Friday, 17 June 2005
The long-lost "Battle of Anghiari," considered Leonardo da Vinci's best work, could lie hidden behind a wall of the Palazzo Vecchio in Florence, say art experts.
Maurizio Seracini, a world-renowned expert in art diagnostics whose investigations are referred to in Dan Brown's best-selling novel The Da Vinci Code, said a recent conference he had found a suspicious cavity behind the council room's east wall.
The wall now houses a mural by 15th-century painter, architect and writer Giorgio Vasari.
"We believe that the lost fresco is hidden there. Indeed, Vasari himself left an important clue. On a tiny green flag in his painting, he wrote: 'Cerca, trova' - seek and you shall find," says Seracini.
The Battle of Anghiari was conceived in 1503, when Leonardo and Michelangelo received twin commissions to paint historic Florentine victories on opposite walls of the council room.
While Michelangelo never got past the cartoon stage with his Battle of Cascina, Leonardo began to paint the centerpiece of the ''Battle of Anghiari'', known as the ''Fight for the Standard'', on June 6, 1505, when he was 53.
"Representing vividly the rage and fury both of the men and the horses," as Vasari wrote in his 1550 book Lives of the Artists, the 15-square-metre fresco would celebrate the Florentine's victory over the Milanese troops in 1440.
According to Vasari, Leonardo abandoned the battle scene because of technical problems arising from his experimental mixing of oil paint and fresco.
Ten years after Vasari wrote his account, he was given the task of modifying the council room into the Salone dei Cinquecento, a hall that glorified the ruling Medici family. In the course of this work, Leonardo's mural disappeared.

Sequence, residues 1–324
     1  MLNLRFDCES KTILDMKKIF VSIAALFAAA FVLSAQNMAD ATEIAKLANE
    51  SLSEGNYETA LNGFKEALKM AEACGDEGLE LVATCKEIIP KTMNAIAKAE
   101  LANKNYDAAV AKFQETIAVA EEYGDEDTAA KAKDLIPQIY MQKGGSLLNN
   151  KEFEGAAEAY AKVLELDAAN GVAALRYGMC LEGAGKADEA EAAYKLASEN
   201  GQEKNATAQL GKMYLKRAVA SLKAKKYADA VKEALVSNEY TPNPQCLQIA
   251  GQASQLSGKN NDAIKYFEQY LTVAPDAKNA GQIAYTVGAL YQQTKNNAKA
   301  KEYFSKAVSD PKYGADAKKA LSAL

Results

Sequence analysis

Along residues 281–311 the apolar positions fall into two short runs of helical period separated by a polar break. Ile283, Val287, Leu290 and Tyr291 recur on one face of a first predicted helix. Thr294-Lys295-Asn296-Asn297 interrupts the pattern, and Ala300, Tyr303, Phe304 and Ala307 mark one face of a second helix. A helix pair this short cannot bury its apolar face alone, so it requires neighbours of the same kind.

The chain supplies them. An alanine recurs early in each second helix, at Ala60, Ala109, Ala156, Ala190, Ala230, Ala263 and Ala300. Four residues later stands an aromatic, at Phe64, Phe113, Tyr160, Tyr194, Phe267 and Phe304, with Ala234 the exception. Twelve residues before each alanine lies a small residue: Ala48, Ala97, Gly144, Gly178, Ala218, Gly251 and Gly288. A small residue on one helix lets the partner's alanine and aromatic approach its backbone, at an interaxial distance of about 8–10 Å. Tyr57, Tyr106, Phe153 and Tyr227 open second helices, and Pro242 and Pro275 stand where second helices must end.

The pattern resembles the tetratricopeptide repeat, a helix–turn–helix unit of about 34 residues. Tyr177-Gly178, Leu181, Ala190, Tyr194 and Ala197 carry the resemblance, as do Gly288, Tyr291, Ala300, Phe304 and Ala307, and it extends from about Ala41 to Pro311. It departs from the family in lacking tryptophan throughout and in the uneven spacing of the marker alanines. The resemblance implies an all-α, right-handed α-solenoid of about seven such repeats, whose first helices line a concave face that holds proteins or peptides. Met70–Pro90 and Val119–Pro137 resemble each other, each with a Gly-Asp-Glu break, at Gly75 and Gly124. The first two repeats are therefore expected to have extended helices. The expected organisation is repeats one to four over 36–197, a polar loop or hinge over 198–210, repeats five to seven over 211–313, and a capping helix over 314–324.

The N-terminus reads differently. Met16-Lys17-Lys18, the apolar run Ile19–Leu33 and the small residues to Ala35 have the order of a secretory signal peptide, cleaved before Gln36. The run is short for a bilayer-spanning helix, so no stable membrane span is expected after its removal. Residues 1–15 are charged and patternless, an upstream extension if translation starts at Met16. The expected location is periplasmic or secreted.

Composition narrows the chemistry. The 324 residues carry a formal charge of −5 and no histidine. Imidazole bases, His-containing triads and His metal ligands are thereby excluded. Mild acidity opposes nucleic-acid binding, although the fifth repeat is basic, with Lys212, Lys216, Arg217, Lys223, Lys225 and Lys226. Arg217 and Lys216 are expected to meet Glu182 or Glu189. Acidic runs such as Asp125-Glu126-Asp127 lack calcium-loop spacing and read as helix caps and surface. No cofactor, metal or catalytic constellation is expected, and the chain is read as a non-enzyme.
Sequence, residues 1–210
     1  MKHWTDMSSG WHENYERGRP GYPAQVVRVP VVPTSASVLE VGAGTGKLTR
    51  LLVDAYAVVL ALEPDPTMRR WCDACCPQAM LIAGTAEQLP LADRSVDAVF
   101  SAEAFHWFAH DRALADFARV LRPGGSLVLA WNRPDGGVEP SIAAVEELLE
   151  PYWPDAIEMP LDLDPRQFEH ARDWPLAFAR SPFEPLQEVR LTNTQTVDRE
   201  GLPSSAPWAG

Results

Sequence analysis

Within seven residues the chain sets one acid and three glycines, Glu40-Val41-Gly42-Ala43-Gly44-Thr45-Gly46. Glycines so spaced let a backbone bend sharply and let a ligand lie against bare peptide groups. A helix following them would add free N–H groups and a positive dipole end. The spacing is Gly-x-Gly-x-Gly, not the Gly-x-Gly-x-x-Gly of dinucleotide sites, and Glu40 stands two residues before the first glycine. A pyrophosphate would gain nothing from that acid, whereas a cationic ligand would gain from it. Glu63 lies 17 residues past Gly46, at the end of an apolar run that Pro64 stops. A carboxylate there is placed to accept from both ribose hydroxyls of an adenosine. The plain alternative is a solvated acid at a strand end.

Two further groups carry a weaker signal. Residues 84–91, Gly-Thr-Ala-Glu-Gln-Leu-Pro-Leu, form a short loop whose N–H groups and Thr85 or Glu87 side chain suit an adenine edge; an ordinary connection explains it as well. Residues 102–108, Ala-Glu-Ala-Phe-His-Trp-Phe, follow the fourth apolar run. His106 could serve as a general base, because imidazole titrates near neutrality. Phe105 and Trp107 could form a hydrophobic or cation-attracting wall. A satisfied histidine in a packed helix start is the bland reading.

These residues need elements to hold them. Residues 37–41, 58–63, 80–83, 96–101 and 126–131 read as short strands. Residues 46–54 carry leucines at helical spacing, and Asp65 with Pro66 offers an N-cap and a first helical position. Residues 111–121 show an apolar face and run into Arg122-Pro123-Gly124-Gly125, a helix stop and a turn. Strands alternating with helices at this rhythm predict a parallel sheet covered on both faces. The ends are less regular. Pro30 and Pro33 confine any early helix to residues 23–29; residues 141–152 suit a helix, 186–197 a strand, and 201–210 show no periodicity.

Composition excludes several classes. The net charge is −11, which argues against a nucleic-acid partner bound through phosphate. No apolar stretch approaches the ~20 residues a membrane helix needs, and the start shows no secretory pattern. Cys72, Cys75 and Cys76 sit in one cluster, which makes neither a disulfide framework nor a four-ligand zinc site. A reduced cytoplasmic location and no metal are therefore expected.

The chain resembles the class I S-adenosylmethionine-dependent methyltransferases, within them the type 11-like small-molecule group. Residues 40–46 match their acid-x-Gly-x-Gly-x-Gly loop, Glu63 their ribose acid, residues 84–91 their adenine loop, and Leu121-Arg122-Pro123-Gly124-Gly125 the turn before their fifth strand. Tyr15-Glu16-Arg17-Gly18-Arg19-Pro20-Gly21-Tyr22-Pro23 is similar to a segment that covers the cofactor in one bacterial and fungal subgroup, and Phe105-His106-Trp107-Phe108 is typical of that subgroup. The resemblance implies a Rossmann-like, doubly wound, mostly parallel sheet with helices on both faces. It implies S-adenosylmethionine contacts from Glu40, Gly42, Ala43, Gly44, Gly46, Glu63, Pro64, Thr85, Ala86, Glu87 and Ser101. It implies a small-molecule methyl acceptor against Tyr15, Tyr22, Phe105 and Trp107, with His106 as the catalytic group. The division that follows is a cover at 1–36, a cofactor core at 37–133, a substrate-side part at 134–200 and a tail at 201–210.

Modern technology reveals clues
Using laser scanners, x-ray machines and thermographic and radar equipment, Seracini first reconstructed the plan of the hall before Vasari's remodeling by finding the original windows and doors, now covered by walls.
He then focused on Vasari's work. Since walls were raised by 6.4 metres, they had to be reinforced.
Seracini's state-of-the-art technologies showed that Vasari reinforced the walls by building on them large stone frames, which he then filled with bricks to create a surface for his own paintings: the "Battle of Torre" on the west wall and the "Battle of Marciano" in the Chiana Valley on the east wall.
"We looked through Vasari's painted walls with a low-frequency sonogram machine. On the west wall we found nothing really significant," says Seracini.
"But on the east wall, beneath the Battle of Marciano, we spotted a 16-centimeter cavity. It is very likely that Vasari created it to protect Leonardo's work. Amazingly, this hollow space is right under Vasari's hint 'seek and you shall find.'"
Conclusive evidence could come from further analysis with microprobes. This would require another year of work, says Seracini.
"Seracini's work has been extraordinary. Spectacular results could come out soon," says leading Leonardo expert Carlo Pedretti, director of the Armand Hammer Center for Leonardo Studies in Los Angeles.